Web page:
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Project Ara: Google Wants Your Phone to Go to Pieces

Google’s modular smartphone will let users swap parts like screens and cameras on the fly

8 min read
Project Ara: Google Wants Your Phone to Go to Pieces
Illustration: Matthew Hollister

The modern smartphone is a masterpiece of adaptability. It lets you talk, snap photos, and tote around sprawling media collections. Downloadable apps let you do lots of other things, too, like track your workouts, monitor your diet, or remix a song. There’s even an app that helps you find hidden treasure, thanks to software that turns your device into a metal detector using the magnetic-field sensors that make up your smartphone’s compass.

But don’t let this apparently awesome adaptability bamboozle you. For all its vaunted versatility, a smartphone is still only as good as its hardware. Though hundreds of new apps appear every day, your phone’s hardware is unchangeable beyond perhaps the option of swapping in a more spacious memory card.

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Video Friday: Humanoid Soccer

Your weekly selection of awesome robot videos

4 min read
Humans and human-size humanoid robots stand together on an indoor soccer field at the beginning of a game

Video Friday is your weekly selection of awesome robotics videos, collected by your friends at IEEE Spectrum robotics. We also post a weekly calendar of upcoming robotics events for the next few months. Please send us your events for inclusion.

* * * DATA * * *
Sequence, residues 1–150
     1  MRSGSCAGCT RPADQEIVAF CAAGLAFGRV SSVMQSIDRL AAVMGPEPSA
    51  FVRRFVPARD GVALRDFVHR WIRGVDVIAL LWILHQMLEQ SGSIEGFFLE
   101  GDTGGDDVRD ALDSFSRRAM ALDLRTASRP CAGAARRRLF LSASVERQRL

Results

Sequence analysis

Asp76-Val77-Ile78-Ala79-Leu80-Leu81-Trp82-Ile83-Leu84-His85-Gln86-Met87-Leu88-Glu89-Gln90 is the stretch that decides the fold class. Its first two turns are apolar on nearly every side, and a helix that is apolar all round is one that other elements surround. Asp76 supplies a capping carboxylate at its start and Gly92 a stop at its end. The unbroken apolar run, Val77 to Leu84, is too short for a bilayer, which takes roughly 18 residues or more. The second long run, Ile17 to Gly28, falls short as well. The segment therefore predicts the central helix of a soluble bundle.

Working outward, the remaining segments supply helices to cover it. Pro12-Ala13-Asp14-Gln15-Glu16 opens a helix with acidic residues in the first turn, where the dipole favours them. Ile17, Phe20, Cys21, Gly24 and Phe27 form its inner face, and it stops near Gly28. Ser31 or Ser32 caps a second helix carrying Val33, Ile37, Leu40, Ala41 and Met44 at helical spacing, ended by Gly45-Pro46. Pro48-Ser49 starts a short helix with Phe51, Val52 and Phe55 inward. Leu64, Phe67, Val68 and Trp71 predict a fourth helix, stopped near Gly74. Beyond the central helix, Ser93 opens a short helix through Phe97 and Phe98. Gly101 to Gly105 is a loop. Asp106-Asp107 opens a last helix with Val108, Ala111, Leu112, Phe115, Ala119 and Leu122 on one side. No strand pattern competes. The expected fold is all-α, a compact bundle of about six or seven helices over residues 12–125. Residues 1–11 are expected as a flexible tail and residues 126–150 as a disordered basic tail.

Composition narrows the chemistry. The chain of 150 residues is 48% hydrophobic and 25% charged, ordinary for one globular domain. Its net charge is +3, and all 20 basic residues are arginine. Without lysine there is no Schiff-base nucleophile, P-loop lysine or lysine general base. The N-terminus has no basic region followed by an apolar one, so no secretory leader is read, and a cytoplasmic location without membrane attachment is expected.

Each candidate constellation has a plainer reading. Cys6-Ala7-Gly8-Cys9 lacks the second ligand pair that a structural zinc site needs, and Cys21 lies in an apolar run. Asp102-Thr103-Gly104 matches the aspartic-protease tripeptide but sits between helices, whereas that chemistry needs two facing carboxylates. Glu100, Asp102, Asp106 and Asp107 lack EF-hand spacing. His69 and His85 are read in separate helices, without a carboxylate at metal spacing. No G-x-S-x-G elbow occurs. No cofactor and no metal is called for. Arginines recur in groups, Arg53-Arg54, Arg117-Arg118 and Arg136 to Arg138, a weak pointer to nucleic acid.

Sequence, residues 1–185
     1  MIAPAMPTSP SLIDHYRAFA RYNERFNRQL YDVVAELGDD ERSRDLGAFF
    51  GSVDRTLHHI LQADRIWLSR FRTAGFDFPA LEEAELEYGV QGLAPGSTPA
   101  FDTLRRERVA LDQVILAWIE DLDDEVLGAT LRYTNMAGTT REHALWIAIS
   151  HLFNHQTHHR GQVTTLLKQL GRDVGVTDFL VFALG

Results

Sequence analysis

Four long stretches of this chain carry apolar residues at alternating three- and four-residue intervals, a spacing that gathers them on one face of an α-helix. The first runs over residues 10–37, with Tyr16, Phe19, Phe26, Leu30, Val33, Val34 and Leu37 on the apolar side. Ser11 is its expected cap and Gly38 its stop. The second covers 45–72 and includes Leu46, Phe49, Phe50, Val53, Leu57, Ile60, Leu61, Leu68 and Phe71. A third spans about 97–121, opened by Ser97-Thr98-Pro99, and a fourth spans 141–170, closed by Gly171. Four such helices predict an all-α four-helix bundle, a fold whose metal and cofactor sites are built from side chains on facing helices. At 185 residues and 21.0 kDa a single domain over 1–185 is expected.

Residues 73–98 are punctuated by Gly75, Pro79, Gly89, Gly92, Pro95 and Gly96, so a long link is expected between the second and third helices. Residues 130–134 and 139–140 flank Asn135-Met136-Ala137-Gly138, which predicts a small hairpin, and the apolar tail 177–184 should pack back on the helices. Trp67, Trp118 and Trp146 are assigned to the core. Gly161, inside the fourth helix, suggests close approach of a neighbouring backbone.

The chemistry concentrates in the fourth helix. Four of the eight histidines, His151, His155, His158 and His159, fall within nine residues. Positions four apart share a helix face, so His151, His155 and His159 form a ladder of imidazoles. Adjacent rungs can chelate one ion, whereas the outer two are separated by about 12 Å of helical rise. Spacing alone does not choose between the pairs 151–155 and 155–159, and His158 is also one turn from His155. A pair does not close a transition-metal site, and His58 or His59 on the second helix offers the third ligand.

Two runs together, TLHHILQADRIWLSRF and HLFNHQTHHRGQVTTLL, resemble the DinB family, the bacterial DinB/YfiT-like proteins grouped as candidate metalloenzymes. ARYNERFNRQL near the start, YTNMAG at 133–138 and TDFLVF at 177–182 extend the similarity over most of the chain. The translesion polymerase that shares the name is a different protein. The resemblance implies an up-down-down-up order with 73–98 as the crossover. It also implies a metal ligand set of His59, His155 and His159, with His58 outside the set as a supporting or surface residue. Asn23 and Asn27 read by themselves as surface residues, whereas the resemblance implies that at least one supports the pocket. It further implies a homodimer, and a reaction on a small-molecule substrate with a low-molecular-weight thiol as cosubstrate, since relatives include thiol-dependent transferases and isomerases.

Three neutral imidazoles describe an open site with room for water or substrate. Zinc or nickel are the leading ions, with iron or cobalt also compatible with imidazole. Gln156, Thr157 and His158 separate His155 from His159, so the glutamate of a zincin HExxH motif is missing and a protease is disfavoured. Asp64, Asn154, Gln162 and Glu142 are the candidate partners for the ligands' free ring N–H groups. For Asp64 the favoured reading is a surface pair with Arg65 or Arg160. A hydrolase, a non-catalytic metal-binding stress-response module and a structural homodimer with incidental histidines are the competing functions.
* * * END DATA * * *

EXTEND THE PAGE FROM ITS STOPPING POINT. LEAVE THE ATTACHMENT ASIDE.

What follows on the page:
CoRL 2022: 14–18 December 2022, AUCKLAND, NEW ZEALAND
ICRA 2023: 29 May–2 June 2023, LONDON

Enjoy today’s videos!

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Array of devices on a chip

This analog electrochemical memory (ECRAM) array provides a prototype for artificial synapses in AI training.

IBM research

How far away could an artificial brain be? Perhaps a very long way off still, but a working analogue to the essential element of the brain’s networks, the synapse, appears closer at hand now.

That’s because a device that draws inspiration from batteries now appears surprisingly well suited to run artificial neural networks. Called electrochemical RAM (ECRAM), it is giving traditional transistor-based AI an unexpected run for its money—and is quickly moving toward the head of the pack in the race to develop the perfect artificial synapse. Researchers recently reported a string of advances at this week’s IEEE International Electron Device Meeting (IEDM 2022) and elsewhere, including ECRAM devices that use less energy, hold memory longer, and take up less space.

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Get the Rohde & Schwarz EMI White Paper

Learn how to measure and reduce common mode electromagnetic interference (EMI) in electric drive installations

1 min read
Rohde & Schwarz

Nowadays, electric machines are often driven by power electronic converters. Even though the use of converters brings with it a variety of advantages, common mode (CM) signals are a frequent problem in many installations. Common mode voltages induced by the converter drive common mode currents damage the motor bearings over time and significantly reduce the lifetime of the drive.

Download this free whitepaper now!

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